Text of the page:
“Pressure…can smack us in the face. The sharp edge of reality has a way of cutting our fantasies to shreds.”
Ceri Evans – Perform Under Pressure
The Ultra Trail du Mont Blanc is a 107-mile ultramarathon than loops around Mont Blanc, visiting France, Italy and Switzerland en route. I raced it in 2019 and sure enough, the “pressure” mentioned above hit me after 3 hours of running—but it wasn’t in the face. It came in the form of a trekking pole from the runner in front of me, and it hit me in a far more… delicate area. The pole had gotten stuck in a gap in the bridge we were crossing, and when the runner tried to pull it out it sprung back, straight into my groin.
After 30 weeks of dedicated training for the biggest race of my life, I found myself doubled over in pain. Then the nausea hit, and I was unable to eat anything for the next 9 hours.
Believe it or not, this race has a happy ending: I was not one of the 40% of runners who DNF’ed, but I could have been. Instead, from my lowest point in the race I gained over 1,000 places and finished well inside my mid target time.
So how did I manage this? It all started several weeks before the race itself.
The Importance of Mental Prep
It is often said that the longer the race, the more mental (and less physical) it becomes. From personal experience I believe this to be true. Psychological training has long been researched as an area for improvement on endurance performance (McCormick et al, 2015) with areas such as Self-Talk being seen as a key determinant on performance (Hatzigeorgiadis et al, 2011) and for reducing the rate of perceived exertion (Blanchfield et al, 2013). Goal setting has also been proven to show significant improvements in sports performance (Theodorakis, et al., 1998 and Tenenbaum, et al., 1999), and having a mix of moderate, absolute, and combined short- and long-term goals was associated with the greatest impact (Kyllo and Landers, 1995).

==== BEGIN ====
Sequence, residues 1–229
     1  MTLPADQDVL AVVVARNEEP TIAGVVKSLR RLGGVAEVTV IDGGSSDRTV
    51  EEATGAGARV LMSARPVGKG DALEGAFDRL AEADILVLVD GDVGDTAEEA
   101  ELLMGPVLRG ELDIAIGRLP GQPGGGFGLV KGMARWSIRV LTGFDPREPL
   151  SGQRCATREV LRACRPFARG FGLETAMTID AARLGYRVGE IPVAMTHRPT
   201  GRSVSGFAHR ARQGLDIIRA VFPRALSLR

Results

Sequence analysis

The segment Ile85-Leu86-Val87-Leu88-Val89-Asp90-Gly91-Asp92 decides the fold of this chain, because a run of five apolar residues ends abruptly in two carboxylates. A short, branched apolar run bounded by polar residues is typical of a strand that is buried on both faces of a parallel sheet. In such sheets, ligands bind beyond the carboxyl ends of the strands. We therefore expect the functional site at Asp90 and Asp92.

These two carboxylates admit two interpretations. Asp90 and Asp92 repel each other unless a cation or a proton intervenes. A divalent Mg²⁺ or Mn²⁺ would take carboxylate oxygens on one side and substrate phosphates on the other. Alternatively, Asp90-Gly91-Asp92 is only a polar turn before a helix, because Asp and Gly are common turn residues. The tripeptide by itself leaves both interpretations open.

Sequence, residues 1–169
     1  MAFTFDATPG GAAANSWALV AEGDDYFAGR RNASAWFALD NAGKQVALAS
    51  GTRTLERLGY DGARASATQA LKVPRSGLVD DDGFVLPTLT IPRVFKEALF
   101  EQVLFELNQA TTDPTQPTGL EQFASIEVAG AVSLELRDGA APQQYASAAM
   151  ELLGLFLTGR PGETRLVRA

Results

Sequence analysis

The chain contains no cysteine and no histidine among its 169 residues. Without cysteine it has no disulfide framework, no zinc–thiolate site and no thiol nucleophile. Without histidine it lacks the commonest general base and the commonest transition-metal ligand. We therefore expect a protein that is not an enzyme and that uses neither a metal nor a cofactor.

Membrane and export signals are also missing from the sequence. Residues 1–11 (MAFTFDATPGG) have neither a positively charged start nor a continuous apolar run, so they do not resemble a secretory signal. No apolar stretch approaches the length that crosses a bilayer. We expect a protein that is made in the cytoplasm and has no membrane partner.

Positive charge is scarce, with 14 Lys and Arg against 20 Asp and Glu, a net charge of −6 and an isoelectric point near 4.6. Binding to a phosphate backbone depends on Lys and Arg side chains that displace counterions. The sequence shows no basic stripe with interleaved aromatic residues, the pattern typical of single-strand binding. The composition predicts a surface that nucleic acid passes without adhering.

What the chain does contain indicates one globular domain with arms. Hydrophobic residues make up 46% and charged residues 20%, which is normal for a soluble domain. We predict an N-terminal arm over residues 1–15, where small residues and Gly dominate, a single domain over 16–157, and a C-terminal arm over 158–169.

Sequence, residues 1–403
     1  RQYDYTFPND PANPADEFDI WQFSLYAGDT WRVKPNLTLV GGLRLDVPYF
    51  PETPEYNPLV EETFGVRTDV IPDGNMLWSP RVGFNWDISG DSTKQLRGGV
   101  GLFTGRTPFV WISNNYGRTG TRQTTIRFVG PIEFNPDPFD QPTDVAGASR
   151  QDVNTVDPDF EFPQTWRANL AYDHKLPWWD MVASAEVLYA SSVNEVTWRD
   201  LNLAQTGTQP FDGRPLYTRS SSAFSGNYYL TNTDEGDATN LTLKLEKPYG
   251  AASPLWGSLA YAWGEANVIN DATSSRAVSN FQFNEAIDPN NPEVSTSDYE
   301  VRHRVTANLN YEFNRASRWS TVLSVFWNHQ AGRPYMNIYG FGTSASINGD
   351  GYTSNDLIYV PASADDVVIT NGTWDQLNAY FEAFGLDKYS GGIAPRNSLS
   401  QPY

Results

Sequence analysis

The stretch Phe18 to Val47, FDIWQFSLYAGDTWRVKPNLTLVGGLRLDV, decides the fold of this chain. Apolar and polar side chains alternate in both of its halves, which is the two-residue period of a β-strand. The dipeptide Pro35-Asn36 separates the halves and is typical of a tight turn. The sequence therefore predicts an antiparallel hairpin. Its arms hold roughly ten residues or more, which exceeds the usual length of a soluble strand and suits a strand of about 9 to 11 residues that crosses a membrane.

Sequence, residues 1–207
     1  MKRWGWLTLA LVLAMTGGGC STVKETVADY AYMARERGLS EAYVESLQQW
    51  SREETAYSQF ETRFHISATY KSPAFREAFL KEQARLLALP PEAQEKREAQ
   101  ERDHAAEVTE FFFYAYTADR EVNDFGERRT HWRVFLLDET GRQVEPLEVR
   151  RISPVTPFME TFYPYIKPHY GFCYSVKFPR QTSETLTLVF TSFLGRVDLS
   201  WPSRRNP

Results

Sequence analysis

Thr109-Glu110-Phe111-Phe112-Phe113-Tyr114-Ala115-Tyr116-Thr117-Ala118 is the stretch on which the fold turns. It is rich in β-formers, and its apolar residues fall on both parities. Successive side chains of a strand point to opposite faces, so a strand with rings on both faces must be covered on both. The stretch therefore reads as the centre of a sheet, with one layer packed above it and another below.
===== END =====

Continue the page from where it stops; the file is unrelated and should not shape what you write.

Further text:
Armed with this knowledge I set out to make sure I was both physically and mentally prepared for the race.
My approach revolved around three key areas:
- Preparing for the Negatives
- Knowing my Rationale for Finishing
- Goal Setting and Self-Belief
Prepare for the Negatives
I knew and accepted that there would be hard times in this race, so I wrote down everything I could think of that could go wrong, and formulated a plan for each one. These scenarios ranged from getting blisters to hallucinating, and weren’t limited to things that have happened in other races. For example, I have never been sick during an event, but I wrote down what I would do if this happened to me at UTMB. My note said:
- Sit down for 3 minutes and breathe slowly
- Try to drink some water
- Walk to the next aid station
- Lie down for 20 minutes and re-assess the situation
- Make use of liquid fuel at aid stations (soups)
As such, when the trekking pole hit me, the vomit wasn’t a surprise variable. I did not let it throw me off my track and goals; I merely executed my plan to deal with it.
Rationale for Finishing
Like my preparation for the negatives above, I also wrote down my rationale for finishing. This wasn’t a single item, but multiple bullet points including everything from the financial investment I had made, to the weeks of training completed, to the joy I would feel when I crossed the line. I deliberately linked my reasons to both internal and external motivators.
I actually carried a printout of those bullet points in a clear waterproof bag, and planned to look at them, say them out loud, and use them to combat the inevitable negativity I knew I would need to confront. The result was that, even after 30 hours of racing and close to two days with no sleep, I was still in a good place. I have never had such a positive race!